Biblical Philosophical Six Day Creation


As to shoehorn in billions of years into the Genesis creation account, perhaps well meaning theologians have proposed many interpretations of the word “day”. The word is used over 2,300 times in the Old Testament but only questioned here during creation week?

“The integrity of the Holy Scriptures is at stake. Some people are wanting to reinterpret Scripture in order to conform with modern scientific theories.”

Rev. Dale Smith, PCA delegate

“Before the Enlightenment, most theologians believed the earth was created in the space of a literal week, a notable exception (among others) being Augustine, who interpreted the days of creation figuratively. Most believed that the universe began sometime between approximately 3600 BC and 7000 BC.” (1)

“However, between the seventeenth and nineteenth centuries—with the growing acceptance of geological uniformitarianism and, later, Darwinian evolution—an increasing number of eminent scholars advocated a multi-billion-year-old universe and questioned the validity of the biblical account.” (1)

As to shoehorn in billions of years into the Genesis creation account, perhaps well meaning theologians have proposed many interpretations of the word “day”. Some such interpretations include the Gap Theory, Day Age Theory, or Theistic Evolution which all seek to either transform a literal understanding of day (“yom”) or to transform Genesis creation from history and into allegory. The Day-Age Theory maintains that the term “day” has a broad semantic range which includes vast periods of time, enough to accommodate an indeterminate number of years. Over the past two centuries, the issue of the meaning of yom in relation to the age of the universe continues to “be vigorously debated by many scholars”. (1)

If we consider various statements such as, “in my grandfathers day” it is clear that the context is not a literal 24 hour day but refers to an earlier era perhaps decades or even maybe a century ago. Or, “do you offer any day tours?” means during daylight hours of an ordinary day. Or, “it was on my wedding day” is a personal date when the wedding took place. “In the days of the steam engine” describes a past era before the combustion engine.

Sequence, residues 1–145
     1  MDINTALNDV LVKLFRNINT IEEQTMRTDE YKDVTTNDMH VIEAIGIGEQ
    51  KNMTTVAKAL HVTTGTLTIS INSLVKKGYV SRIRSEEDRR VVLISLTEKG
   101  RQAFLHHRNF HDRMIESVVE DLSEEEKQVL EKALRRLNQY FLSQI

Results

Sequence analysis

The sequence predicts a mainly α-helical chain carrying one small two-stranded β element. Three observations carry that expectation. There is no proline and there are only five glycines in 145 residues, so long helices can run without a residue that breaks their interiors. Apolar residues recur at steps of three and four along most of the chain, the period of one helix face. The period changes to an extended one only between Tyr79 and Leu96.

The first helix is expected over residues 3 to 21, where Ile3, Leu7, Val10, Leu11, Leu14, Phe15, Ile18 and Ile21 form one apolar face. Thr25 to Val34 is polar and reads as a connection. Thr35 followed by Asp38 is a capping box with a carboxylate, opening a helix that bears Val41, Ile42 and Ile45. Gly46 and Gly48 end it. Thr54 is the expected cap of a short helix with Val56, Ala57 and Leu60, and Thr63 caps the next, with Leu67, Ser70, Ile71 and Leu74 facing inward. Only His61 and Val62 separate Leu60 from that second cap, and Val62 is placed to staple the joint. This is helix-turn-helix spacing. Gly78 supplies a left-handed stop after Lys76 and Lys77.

However, if a number is added before the word day then the duration of literal 24-hour periods are always specific. Such as “in four days we will be home from our vacation“. Also, if a descriptor such as sunrise or sunset is used it is also always specific to a literal 24-hour duration. Such as: “we woke up at the break of the day” or “the day ended for us right after the sunset“.

Such variations and constraints regarding the use of the word day also apply within the biblical text, so how can we know that the creation in Genesis intends to communicate an ordinary seven day period?

Creation days are numbered

To determine the intention of the creation week intending to be understood as a literal seven days each consisting of 24-hour periods is clarified by being both enumerated and called “an evening and morning”. The bible calls each creation duration a day by number. The scriptures conclude each creation period as “the first day”. This enumeration continues for each of the seven days numbering the “second”, “third”, “fourth”, “fifth”, “sixth”, and “seventh” days.

Creation day duration defined as occurring within “an evening and the morning”

In Jewish tradition the day ended and the new day began at sunset in the evening. If numbering each day of creation remains not clear enough, the bible also describes the conclusion of each period as “an evening and the morning”.

Together each creation period is numbered (first-seventh) and clarified as “an evening and the morning” for each of the seven days of creation.

“So the evening and the morning were the first day”.

Genesis 1:5(b) NKJV

As an additional point of confirmation as to the intention that Creation occurred in literal 24-hour periods is the fourth commandment written by the finger of God:

“Remember the Sabbath day, to keep it holy. Six days you shall labor and do all your work…For in six days* the Lord made the heavens and the earth, the sea, and all that is in them, and rested the seventh day.”

Exodus 20:8-9,11 NKJV

*Notice that God is not commanding us to work six million years and rest a million years!

Exodus 20:8-11 describes the Sabbath and an example God used to show us how we should conduct ourselves. We should work six days and rest on the seventh day just as God also did during Creation week. Of course God created the universe in six days not because it extended His limits, God created time itself, creation was done as such not for God but for us!

The intention of the scriptures declare that the days of creation were literal 24-hour periods is absolutely undeniable.


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